|Regions: Southern Lakes||Communities: Carcross|
|Themes: Activities||Categories: Camping, Hiking, Historic Sites, First Nations Culture, Klondike Gold Rush, Iconic Drives, Wilderness Parks, Wildlife|
With each step, travel further back in time
When news of a gold strike in the Klondike reached the ears of the world, tens of thousands of hopeful gold seekers arrived in Skagway, Alaska. They soon encountered their first obstacle – the Coast Mountain Range. Following old trails that had been used by First Nations people for centuries, they found a route through the mountains, now known as the Chilkoot Trail. The prospectors had to haul a mandatory one ton of supplies over the pass, requiring multiple trips on a treacherous mountain trail.
Today, hikers can retrace the rugged and beautiful 53 km (33 mi.) trail from Dyea, near Skagway, to the shore of Lake Bennett. The route is lined with alpine lakes and century-old gold rush artifacts. Co-managed by Parks Canada and the U.S. National Parks Service, the Chilkoot Trail is Canada’s largest National Historic Site. Most people take three to five days to complete the journey.
Dyea to Canyon City
The trail starts at the historic townsite of Dyea, just a short drive (16km/10mi.) from Skagway. Although there isn’t much remaining today, during the gold rush this town had a population of 10,000.
You’ll start your Chilkoot adventure with a reasonably easy hike. The trail follows the Taiya River through the temperate coastal rainforest with minimal elevation gain. After passing by the first campsite on the trail at Finnegan’s Point, continue on to Canyon City where you can explore gold rush remnants including a large boiler. Canyon City sprang to life in 1897 and had a frantic existence until 1898. A tramway system over the Chilkoot was established to help goldseekers get their “ton of goods” over the Pass (for a hefty fee of course). There were also two powerhouses and an array of businesses to cater to the tide of stampeders.
Canyon City to Sheep Camp
As you leave Canyon City, the trail starts to climb steadily upwards, although elevation gains are modest. You’ll pass through the next campsite, Pleasant Camp and continue on to Sheep Camp. As the last campsite before the infamous Golden Stairs, Sheep Mountain is a popular stop. The US National Park Service has a backcountry ranger station here, and park rangers offer nightly presentations. They’ll provide you with updates on current trail conditions, tips for hiking the trail and history of the area. This evening, enjoy another campfire dinner, chat with fellow hikers and get an early night in preparation for a big day tomorrow.
Sheep Camp to Happy Camp
Today is summit day, the most challenging day on the trail. From Sheep Camp, you’ll gradually climb above the tree line and follow a stream up to the Scales. It was here that the stampeders had their supplies weighed before they were permitted to go any further. As the gold rush got underway, Canadian authorities quickly realized that they were going to have a major problem if tens of thousands of people turned up in the wilderness with no supplies. They instituted mandatory supply requirements which were strictly enforced.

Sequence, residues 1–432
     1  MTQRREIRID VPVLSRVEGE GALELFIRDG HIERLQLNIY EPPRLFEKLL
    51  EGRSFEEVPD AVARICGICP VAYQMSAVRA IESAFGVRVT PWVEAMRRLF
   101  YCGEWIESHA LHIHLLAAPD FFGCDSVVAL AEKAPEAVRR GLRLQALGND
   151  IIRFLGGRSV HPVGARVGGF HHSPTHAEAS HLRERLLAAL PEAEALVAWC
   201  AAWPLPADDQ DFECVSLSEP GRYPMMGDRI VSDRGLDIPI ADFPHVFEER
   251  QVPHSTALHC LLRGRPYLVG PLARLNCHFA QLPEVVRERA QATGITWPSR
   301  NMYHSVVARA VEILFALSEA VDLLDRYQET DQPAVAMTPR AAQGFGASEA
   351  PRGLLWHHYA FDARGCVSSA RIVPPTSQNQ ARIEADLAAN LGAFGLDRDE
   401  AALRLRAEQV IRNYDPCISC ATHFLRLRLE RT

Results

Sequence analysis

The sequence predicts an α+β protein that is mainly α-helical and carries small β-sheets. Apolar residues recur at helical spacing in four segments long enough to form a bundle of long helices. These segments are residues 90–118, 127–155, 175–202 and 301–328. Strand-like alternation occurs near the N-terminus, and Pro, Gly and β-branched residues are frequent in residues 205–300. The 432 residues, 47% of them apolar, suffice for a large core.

In all, approximately one ton of goods (enough for a year) were required. As you explore the assortment of rusted old relics here, be thankful that you don’t have to carry one ton of gear. From here, it’s a steep climb up the Golden Stairs to the Canadian border. At the top you’ll be rewarded with breathtaking views and an epic we-made-it moment! Continue through the gorgeous alpine terrain to Happy Camp.
Happy Camp to Bare Loon Lake
With the most strenuous part of the trail behind you, it’s on to Bare Loon Lake. This stretch of trail meanders past mountain streams and scenic lakes. After Deep Lake, you’ll leave the alpine and enter the boreal forest as you continue on to Lindeman City. During the gold rush, a huge tent city grew up here as stampeders set up camp on the shores of Lake Lindeman during the winter of 1897-98. After lugging their supplies over the pass they stopped here to wait out the winter and build boats that would carry them down the Yukon River to the Klondike.
Parks Canada has an exhibit here which will give you a sense of what life was like during this extraordinary era in history. After exploring the area, continue on to the scenic campground at Bare Loon Lake for your final night on the trail.
Bare Loon Lake to Skagway
An easy hike this morning takes you through an impressive landscape with phenomenal views to Lake Bennett. At the same time the tent city at Lake Lindeman was forming, another one was springing up at Lake Bennett. This one was the largest in the world with over 20,000 people. Most of them left within two weeks of the ice breaking on the lake in late May, 1898. In the eighteen hours following the breakup alone, more than 7,000 watercrafts of all shapes and sizes left the camp.
The area still shows the effects of all those people a century later. As you wander around the old church, which still stands as a lonely sentinel over the lake, it’s hard to imagine what it must have been like back then. From the historic station, you’ll take the White Pass and Yukon Route railway back to Skagway. The train travels via White Pass giving you a chance to see the other route stampeders used to get to Bennett Lake.
Option: Check out the Paddling the Yukon River itinerary if you’re interested in retracing the entire journey of the stampeders from Skagway to Dawson City.
Bare Loon Lake